The price of a stamp has recently gone up to 60p for first-class post, and 50p for second. This makes sending a letter through the post something many of us will do only if it’s absolutely necessary, or if it’s something really special, but it will at least make us think twice before sending – something it’s easy to forget when sending e mails.
Electronic communication is wonderfully quick and convenient, but it’s all too easy to rattle off lines on the keyboard, then quickly sign off and immediately press Send without stopping to think. Posting a letter the traditional way gives time to pause as you fold the paper and put it in an envelope, write the address, seal it, and then make the trip to the post-box, so the whole process is inevitably a more considered and thoughtful affair.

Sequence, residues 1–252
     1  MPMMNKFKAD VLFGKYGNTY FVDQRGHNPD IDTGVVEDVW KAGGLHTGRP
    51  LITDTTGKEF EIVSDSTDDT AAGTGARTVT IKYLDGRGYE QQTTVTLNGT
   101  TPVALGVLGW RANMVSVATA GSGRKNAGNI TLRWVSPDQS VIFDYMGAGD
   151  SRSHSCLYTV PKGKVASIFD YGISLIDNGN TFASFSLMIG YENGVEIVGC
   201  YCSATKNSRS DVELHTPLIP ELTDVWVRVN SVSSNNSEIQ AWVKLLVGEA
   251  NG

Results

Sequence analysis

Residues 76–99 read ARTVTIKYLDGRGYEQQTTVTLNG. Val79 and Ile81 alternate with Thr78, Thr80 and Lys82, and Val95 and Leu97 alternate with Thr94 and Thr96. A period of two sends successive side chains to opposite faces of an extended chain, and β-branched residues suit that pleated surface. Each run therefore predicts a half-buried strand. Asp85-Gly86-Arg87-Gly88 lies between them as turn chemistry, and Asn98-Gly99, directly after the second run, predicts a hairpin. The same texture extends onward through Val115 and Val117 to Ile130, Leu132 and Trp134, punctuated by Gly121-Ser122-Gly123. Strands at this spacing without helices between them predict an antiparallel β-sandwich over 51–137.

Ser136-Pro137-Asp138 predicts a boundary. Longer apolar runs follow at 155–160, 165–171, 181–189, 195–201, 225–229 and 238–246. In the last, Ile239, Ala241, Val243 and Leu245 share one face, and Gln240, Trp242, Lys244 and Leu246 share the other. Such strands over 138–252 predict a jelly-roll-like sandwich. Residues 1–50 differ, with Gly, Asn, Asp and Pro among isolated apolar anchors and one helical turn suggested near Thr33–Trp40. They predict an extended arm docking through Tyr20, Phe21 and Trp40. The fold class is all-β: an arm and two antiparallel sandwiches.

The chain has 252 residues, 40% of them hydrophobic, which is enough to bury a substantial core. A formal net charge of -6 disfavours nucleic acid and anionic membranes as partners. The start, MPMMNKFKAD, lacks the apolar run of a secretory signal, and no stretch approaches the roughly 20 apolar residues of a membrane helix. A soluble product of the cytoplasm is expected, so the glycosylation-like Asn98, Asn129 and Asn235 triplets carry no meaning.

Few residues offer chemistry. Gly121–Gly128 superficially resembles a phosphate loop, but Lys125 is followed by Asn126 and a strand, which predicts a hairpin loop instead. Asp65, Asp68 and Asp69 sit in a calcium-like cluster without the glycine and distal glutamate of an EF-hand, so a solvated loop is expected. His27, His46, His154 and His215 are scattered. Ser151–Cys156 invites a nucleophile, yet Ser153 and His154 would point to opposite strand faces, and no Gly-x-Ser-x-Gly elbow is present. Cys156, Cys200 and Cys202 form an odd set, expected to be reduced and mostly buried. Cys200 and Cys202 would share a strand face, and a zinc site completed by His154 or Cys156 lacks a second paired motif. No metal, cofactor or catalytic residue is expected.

I will miss making trips to this pillar-box, which will be fewer from now on. It’s at least 60 years old and probably quite a bit older than that, and is showing its age in a way that makes it more lovable than the shiny modern one that stands outside the post office.
Red pillar-boxes are so much a part of the landscape in our towns and villages that we mostly take them for granted, even old friends like this one – but like everything else that we hardly notice, we would miss them if they started to disappear.